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The role of LRRK2 in the pathogenesis of Parkinson's disease

Petridi, Stavroula (2017) The role of LRRK2 in the pathogenesis of Parkinson's disease. PhD thesis, University of York.

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The G2019S mutation within the LRRK2 gene, is the most common genetic cause of Parkinson’s, being responsible for 20-40% of all familial PD cases, depending on the population under study. The actual function of the LRRK2 protein is not yet clear, although it has been implicated in several pathways including synaptic vesicle regulation, endocytosis and membrane trafficking. The gain of function G2019S mutation increases the kinase activity of the LRRK2 protein, contributing to the pathogenesis of PD. Several hypotheses exist on how G2019S contributes to PD, including regulation of dopamine metabolism and/or several Rab proteins, which have been identified as binding LRRK2, but the exact Rab is not consistent. Using the Drosophila visual system as an in vivo model, these hypotheses were addressed. HPLC analysis established that young flies expressing LRRK2-G2019S in their dopaminergic neurons (TH>G2019S flies) have lower levels of dopamine than control flies. In addition, inhibition of dopamine release by tetanus toxin showed an increase in visual sensitivity in control and old TH>G2019S flies, while young TH>G2019S flies showed a decrease in visual responses. Furthermore, new transgenic flies were generated, LexAop-LRRK2 and LexAop-G2019S, giving us the opportunity to use the Gal4 and LexA binary expression systems simultaneously at the same animal. Additionally, the expression protein levels of LRRK2 and G2019S were examined, indicating that LRRK2 is consistently expressing at higher levels than G2019S. That indicates that the kinase activity of the LRRK2 protein plays a vital role on the protein levels expression. Finally, the genetic screening that was performed in order to identify LRRK2-substrates in vivo identified six Rab proteins. Among those were Rab3, Rab5, Rab9, Rab10, Rab18 and Rab40, while Rab1 and Rab19 were identified interacting with the dopaminergic neurons of the flies. Overall, this study confirms the early hyperactivity in young TH>G2019S flies that could trigger the beginning of neurodegeneration, which is the hallmark of Parkinson’s.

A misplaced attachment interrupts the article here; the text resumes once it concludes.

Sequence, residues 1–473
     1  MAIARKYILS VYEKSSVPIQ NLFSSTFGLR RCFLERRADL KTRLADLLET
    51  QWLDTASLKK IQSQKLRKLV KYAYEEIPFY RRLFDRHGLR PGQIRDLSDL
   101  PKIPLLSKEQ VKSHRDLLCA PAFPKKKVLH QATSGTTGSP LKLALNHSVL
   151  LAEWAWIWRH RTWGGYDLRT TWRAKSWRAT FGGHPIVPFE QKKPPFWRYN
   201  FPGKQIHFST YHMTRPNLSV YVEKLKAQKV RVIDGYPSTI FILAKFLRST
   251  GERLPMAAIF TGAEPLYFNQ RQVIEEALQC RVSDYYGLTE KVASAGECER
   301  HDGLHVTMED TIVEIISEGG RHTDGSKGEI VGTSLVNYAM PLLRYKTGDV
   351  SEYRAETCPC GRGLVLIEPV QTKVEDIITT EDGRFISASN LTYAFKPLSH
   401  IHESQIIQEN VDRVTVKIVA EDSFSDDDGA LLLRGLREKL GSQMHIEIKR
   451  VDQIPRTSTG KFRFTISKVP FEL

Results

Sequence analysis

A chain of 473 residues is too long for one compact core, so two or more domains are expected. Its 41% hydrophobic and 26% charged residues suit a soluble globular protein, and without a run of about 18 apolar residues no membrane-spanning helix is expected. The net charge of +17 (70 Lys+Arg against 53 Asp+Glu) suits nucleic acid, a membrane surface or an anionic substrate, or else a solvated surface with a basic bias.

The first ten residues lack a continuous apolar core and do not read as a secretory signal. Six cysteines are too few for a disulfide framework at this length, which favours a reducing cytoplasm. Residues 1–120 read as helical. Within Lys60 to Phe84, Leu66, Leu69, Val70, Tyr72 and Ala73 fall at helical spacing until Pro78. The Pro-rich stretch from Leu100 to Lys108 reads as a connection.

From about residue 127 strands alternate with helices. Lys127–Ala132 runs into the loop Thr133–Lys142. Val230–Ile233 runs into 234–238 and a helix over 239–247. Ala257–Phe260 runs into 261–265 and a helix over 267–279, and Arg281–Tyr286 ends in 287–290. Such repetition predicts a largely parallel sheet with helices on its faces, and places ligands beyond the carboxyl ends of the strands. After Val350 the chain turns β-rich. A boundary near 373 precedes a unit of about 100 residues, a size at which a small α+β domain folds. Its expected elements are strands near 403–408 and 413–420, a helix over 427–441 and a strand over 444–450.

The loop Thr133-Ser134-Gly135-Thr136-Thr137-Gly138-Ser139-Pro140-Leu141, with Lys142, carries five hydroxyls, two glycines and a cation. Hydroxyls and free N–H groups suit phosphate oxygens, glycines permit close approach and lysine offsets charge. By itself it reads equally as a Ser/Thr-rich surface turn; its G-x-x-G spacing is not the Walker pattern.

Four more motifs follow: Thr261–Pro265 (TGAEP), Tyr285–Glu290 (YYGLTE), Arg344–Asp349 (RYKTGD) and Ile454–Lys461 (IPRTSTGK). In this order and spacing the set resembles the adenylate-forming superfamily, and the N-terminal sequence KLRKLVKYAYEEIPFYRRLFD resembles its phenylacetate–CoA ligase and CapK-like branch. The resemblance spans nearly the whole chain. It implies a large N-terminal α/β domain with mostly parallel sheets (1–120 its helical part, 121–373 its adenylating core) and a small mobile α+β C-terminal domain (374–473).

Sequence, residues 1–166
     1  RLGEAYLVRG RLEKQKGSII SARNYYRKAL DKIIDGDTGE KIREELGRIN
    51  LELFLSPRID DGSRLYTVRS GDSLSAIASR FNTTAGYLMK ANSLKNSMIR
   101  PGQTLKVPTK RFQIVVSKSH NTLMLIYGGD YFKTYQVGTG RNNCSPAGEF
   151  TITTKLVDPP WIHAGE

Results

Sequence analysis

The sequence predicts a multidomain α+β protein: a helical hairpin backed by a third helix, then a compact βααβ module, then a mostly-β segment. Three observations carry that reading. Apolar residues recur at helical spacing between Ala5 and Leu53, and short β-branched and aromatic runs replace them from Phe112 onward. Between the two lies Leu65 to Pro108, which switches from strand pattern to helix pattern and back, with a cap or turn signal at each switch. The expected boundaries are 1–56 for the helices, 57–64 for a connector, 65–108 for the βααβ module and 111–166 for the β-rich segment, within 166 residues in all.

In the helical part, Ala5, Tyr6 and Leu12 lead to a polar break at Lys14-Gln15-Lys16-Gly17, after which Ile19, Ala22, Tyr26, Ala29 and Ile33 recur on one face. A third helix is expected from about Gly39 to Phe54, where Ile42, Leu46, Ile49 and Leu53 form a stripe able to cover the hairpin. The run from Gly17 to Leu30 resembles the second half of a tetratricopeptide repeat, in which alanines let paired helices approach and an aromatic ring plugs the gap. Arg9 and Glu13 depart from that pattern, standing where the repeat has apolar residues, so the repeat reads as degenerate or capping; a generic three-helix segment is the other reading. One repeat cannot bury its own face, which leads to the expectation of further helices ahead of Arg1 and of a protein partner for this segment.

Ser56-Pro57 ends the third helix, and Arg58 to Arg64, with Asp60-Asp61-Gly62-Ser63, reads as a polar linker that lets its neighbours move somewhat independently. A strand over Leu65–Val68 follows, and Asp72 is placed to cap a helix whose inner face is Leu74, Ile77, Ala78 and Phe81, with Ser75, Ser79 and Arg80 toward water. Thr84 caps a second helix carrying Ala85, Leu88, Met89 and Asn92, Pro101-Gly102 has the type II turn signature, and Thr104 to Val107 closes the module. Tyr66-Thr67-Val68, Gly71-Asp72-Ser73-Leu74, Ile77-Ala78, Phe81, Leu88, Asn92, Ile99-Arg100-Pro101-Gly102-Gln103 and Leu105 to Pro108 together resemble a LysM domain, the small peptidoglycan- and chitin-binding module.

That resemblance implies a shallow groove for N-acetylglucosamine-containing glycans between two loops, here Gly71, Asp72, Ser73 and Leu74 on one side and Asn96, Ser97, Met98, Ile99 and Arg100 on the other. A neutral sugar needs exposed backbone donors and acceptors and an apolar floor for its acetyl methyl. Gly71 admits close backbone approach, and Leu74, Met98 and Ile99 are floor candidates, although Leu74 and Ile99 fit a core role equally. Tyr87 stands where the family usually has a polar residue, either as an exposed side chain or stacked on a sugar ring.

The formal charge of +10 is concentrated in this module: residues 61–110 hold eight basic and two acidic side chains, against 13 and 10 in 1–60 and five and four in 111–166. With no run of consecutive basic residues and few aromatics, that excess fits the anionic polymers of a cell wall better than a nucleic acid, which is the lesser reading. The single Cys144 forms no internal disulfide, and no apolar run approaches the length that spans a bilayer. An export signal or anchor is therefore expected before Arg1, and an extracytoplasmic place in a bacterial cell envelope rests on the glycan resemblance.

Item Type: Thesis (PhD)
Academic Units: The University of York > Biology (York)
Identification Number/EthosID: uk.bl.ethos.727363
Depositing User: Miss Stavroula Petridi
Date Deposited: 28 Nov 2017 13:03
Last Modified: 24 Jul 2018 15:23
URI: http://etheses.whiterose.ac.uk/id/eprint/18712

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